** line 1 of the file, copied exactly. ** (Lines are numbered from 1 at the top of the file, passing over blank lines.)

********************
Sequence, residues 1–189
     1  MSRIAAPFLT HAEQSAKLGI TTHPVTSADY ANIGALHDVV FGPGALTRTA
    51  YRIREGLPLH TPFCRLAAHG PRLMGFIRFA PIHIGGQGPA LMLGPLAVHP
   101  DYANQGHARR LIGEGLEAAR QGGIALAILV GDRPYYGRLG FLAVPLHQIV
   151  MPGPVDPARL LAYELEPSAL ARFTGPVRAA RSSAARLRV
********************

Sequence, residues 1–189